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  • They finished their art class. They all sang, danced, raced to the other room, except for him. He remained silent, seated. People could easily miss he was even in the room. I was preparing to leave the room as well, until I noticed him. ”Hi”, I smiled. He looked away, but shortly returned his gaze to me. ”Is this your work?” I pointed to two pieces of paper in front of him, drawn on them a greenish slug and an ice cream cone, a smiley, bouncy ice cream cone. They were truly beautiful and neat. ”Yes, that’s what we did today” he responded, seaming less of a silent child. ”Do you know what this is called?” I asked, pointing to the slug. “No”. ”It’s called ‘Halazon’,” I said in Arabic. “Halazon?” He asked, making sure he got it right.

    “I have a watch, do you want to see it?” after a moment of silence, he asked me. He was the one starting the conversation now. I said yes. He left his seat and went to get the watch from his bag. When he came back, he handed me a bright green plastic thing that I couldn’t grasp how it could pass as a watch, neither did I have the time to ask.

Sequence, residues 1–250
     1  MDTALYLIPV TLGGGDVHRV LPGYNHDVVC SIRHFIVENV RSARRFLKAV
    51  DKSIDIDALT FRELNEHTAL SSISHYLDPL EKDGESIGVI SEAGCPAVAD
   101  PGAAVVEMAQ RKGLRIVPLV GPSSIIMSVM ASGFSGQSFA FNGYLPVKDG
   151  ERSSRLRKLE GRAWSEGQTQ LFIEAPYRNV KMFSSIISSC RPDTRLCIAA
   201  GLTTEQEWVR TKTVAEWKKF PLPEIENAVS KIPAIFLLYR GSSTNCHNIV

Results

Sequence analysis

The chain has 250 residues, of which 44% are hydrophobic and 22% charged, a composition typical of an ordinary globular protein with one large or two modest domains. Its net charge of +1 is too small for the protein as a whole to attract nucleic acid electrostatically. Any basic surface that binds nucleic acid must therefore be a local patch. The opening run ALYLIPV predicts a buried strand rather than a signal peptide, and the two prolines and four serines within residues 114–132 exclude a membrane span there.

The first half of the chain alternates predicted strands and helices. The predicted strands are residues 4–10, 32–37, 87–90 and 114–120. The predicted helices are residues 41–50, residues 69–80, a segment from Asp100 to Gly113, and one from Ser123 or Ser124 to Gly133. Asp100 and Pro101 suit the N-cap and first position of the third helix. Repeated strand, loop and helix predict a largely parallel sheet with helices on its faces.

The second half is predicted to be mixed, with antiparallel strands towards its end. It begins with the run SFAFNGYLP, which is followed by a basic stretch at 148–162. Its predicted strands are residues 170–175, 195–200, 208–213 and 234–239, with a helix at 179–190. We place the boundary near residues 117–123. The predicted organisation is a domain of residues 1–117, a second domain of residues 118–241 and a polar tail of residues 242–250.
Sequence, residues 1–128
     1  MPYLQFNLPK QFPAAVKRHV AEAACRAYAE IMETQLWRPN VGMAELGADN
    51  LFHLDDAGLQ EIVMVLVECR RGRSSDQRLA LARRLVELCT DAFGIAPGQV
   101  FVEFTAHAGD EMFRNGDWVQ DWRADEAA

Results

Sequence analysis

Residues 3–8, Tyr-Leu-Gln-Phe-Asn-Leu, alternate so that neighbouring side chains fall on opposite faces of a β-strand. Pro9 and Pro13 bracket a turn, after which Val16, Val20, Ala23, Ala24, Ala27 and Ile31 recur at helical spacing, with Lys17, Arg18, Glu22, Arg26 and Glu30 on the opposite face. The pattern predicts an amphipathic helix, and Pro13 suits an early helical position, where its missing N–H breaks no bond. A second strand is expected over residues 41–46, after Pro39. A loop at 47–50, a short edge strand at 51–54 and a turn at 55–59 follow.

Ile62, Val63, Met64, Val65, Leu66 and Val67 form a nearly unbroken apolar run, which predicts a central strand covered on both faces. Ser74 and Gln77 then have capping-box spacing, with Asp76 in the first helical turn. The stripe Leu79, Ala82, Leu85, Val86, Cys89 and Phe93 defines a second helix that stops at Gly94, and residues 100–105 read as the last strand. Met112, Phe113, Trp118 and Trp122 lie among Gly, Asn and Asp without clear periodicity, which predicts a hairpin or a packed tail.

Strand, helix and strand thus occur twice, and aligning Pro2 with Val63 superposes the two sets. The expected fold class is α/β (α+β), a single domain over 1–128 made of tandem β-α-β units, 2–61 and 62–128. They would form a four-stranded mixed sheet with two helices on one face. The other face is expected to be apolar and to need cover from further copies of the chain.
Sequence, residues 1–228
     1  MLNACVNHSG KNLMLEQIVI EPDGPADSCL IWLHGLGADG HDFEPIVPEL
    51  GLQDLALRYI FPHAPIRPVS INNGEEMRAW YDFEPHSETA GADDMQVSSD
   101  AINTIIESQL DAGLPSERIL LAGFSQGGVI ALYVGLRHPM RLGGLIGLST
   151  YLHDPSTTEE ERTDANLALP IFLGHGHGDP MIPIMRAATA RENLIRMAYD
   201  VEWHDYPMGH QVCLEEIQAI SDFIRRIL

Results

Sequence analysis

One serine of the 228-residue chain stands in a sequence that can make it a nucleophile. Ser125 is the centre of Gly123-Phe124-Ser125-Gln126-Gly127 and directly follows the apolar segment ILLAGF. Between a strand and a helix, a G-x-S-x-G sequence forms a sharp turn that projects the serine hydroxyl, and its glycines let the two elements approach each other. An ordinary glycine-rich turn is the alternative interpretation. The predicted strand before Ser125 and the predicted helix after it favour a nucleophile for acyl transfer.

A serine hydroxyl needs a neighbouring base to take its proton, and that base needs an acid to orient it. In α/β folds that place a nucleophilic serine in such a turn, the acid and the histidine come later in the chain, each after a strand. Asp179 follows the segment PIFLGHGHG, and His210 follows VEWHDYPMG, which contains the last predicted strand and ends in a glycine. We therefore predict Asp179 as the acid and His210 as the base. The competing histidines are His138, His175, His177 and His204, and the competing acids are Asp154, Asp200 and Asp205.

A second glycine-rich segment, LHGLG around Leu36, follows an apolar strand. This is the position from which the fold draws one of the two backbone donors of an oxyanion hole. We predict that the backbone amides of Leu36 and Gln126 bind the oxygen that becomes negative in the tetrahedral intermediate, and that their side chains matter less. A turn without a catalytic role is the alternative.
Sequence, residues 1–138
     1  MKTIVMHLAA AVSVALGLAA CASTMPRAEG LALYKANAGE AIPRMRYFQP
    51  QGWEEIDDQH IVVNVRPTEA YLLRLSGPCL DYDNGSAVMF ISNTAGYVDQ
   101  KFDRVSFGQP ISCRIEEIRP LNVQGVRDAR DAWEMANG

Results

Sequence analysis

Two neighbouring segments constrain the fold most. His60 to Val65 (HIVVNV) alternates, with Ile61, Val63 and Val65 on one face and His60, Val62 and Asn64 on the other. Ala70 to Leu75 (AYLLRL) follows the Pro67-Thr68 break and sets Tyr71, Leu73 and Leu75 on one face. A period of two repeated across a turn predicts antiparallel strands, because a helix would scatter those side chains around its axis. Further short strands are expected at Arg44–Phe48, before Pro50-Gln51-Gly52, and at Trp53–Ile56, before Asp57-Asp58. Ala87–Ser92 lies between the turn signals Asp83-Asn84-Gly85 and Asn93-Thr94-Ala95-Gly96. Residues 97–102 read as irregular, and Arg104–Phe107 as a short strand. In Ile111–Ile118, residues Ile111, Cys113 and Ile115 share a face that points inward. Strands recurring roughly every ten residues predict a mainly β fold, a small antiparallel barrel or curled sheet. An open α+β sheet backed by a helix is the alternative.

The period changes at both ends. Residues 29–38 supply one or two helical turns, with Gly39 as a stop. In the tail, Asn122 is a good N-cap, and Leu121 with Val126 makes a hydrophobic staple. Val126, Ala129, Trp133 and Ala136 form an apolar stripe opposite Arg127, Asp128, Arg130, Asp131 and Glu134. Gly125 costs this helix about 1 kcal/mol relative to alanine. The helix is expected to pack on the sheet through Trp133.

An old man entered the room, interrupting the conversation, barely with his words. His mere presence changed the feel of the room, or more precisely, altered the feelings of the young child I was now able to communicate with. “What are you doing here?” Ahmed asked. The old man was as perplexed as young Ahmed. He tried to start the conversation with his grandson, but Ahmed was filled with anger. He nervously returned to his seat. His grandfather sat next to him. “What are you doing here? Where is Iman?” Ahmed asked, looking in the opposite direction of his grandfather.

    “Why didn’t she come?”

    “She was studying, but I came for you, Ahmed”

    “She promised. She promised she’d come, she promised she’d get me something.”

    The grandpa had nothing to say.

    “She promised she’d get me a watch.”

    Ahmed kept talking, displaying his anger, his disappointment. “Is Iman his sister?” I asked. “She’s his mother,” the grandfather responded, smiling. A weak smile, a smile that carried a feeling of pity towards Ahmed. “Would you like me to leave? would you like to wait for her?” the grandfather asked, “Wait for her where? Let’s just go” Ahmed said helplessly, angrily. He stood up, took his bag and started walking towards the door. He left his drawings on the table, until I pointed them out to him. He was confused, he was talking, he was angry, and he couldn’t listen. He couldn’t absorb that his mother lied to him once more. She broke her promise again.

    He left, refusing to say goodbye to anyone.
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